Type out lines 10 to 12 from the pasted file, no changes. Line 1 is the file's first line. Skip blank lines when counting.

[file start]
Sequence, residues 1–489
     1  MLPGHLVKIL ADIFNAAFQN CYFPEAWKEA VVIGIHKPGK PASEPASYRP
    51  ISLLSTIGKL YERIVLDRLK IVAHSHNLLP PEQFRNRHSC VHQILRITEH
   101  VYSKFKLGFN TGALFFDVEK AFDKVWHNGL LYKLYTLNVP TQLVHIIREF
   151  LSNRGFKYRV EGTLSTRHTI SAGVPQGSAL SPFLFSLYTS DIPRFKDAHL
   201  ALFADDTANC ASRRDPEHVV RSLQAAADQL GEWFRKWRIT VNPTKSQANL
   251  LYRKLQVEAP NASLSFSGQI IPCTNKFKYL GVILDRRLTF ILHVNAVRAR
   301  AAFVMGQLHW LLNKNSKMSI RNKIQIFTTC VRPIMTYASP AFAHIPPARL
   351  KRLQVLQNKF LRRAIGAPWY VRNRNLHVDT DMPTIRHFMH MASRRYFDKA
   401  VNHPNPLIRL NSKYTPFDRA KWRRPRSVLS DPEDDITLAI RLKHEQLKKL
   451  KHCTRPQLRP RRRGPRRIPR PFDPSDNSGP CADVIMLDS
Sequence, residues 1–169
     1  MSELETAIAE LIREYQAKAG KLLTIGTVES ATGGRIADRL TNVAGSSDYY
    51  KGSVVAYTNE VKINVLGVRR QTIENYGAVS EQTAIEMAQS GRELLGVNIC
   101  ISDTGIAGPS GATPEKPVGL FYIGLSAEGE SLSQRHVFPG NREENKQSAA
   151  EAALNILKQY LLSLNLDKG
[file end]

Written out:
   401  VNHPNPLIRL NSKYTPFDRA KWRRPRSVLS DPEDDITLAI RLKHEQLKKL
   451  KHCTRPQLRP RRRGPRRIPR PFDPSDNSGP CADVIMLDS
Sequence, residues 1–169